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Sheffield Doc/Fest Awards: the winners

Sheffield Doc/Fest Awards: the winners
Pippa Considine
17 June 2013

The Sheffield Doc/Fest 20 awards were announced this weekend as this year's festival came to a close.

The Special Jury Award was awarded to The Act of Killing (Dir. Joshua Oppenheimer, Den/Nor/UK 2012, 158mins). There was also a special mention to Mothers (Dir. Xu Huijing, China 2013, 68mins).

Jury spokesperson Krishan Arora said of The Act of Killing: "From its mystical beginning, this film presented to us the celebratory narrative inside people's heads while they are committing unspeakable acts. Despite its uncomfortable length, it revealed a reality of genocide in which we are all complicit. The film leaves you asking more questions than it provides answers and is an important piece of cinema."

About Mothers, Arora added, "this verité film where the filmmaker had gained an extraordinary level of trust with his characters provided a real insight into a rural China that is rarely seen in this unflinching detail."

Sheffield Doc/Fest’s Inspiration Award went to BBC Storyille Editor Nick Fraser. Producer Simon Chinn said: “He has inspired me more than anyone I can think of to make documentaries, to believe documentaries can be the highest form of storytelling, and to be ambitious with them. And I know, from the many filmmakers I meet – both those who are starting out and the more established ones – that he continues to support and inspire filmmakers to do their very best work.”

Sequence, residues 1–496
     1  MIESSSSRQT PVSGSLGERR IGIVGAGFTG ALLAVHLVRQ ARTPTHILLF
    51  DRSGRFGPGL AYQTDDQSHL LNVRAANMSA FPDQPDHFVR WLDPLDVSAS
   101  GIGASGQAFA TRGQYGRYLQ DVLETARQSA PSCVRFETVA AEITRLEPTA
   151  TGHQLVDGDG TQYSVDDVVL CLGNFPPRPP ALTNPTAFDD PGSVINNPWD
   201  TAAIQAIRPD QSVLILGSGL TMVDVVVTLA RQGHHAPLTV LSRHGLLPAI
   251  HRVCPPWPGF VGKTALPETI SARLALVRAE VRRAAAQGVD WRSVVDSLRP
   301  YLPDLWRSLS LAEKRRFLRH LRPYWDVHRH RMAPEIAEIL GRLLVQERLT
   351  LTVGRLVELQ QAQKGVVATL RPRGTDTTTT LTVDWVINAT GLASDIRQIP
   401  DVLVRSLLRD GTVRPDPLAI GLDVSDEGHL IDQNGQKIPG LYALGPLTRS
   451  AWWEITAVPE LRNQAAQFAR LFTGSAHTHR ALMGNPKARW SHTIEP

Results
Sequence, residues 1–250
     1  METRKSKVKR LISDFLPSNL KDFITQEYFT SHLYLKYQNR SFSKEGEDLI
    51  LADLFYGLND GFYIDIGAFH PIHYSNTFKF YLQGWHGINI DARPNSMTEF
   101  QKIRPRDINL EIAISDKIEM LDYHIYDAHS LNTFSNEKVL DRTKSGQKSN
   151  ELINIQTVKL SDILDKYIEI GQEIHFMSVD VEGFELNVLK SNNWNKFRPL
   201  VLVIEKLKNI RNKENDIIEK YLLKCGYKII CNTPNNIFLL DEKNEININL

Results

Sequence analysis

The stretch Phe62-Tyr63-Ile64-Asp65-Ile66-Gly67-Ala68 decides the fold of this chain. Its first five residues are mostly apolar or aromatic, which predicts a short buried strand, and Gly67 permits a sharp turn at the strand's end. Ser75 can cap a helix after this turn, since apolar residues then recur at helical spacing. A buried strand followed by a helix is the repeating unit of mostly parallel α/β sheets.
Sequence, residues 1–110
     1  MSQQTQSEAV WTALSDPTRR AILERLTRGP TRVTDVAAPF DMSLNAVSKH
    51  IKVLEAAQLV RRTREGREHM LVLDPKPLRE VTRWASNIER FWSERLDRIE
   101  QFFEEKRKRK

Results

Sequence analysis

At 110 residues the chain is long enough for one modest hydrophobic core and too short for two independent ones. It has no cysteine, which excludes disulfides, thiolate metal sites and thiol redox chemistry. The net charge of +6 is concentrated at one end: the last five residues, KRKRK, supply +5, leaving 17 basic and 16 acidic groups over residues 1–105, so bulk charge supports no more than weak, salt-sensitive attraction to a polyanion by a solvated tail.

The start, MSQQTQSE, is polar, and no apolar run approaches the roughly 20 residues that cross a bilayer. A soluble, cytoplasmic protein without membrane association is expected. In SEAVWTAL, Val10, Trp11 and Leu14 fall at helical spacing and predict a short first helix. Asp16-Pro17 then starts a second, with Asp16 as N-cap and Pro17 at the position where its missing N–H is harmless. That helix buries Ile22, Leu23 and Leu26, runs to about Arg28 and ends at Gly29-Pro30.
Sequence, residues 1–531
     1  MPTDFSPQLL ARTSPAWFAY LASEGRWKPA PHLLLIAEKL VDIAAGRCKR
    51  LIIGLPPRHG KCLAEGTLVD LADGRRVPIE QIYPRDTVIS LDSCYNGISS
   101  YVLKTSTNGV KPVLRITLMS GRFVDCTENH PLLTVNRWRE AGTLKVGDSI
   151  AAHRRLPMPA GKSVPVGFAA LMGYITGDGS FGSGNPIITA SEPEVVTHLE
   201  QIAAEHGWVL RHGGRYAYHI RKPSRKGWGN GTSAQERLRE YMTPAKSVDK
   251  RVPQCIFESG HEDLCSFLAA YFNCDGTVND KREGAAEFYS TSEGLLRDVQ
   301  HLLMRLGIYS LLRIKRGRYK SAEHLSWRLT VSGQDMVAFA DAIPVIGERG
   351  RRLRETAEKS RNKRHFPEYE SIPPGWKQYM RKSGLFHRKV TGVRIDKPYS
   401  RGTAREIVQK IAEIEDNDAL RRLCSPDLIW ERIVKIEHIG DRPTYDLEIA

The Sheffield Youth Jury Award was awarded to God Loves Uganda (Dir. Roger Ross Williams, US 2013, 83mins)

Youth jury spokesperson Curtis Holland said “There was one film that ticked all of the boxes. Delivering an important message, with humour, tact and humanity, one film stood out from the crowd."

The Sheffield Innovation Award went to Alma, a Tale of Violence (Dirs: Miquel Dewever-Plana  & Isabelle Fougère / Fr, 2012, 40 mins).

Anna Higgs, spokesperson for the Innovation Jury said, “we're at a really interesting time in understanding storytelling. We are beyond supporting innovation for the sake of innovation, it's about recognising what audiences are doing and making work that builds on, and stretches that. We need to build sustainable models for digital storytelling. The work we liked developed techniques that other storytellers can learn from and use in their work."

The Sheffield Green Award was awarded to Pandora’s Promise, (Dir. Robert Stone, USA 2012, 87 mins), with a special mention to Fuck For Forest (Dir. Michał Marczak, Germany 2012, 90mins)


Jury spokespeople Charlotte Cook and Rajendra Roy commented, “in choosing the winner of the Green Jury, two films stood out as the most provocative and challenging submissions. We decided to give a special mention to Fuck For Forest for its mix of extraordinary access, exceptional creativity and a new voice in documentary filmmaking that challenges the conventions of the form.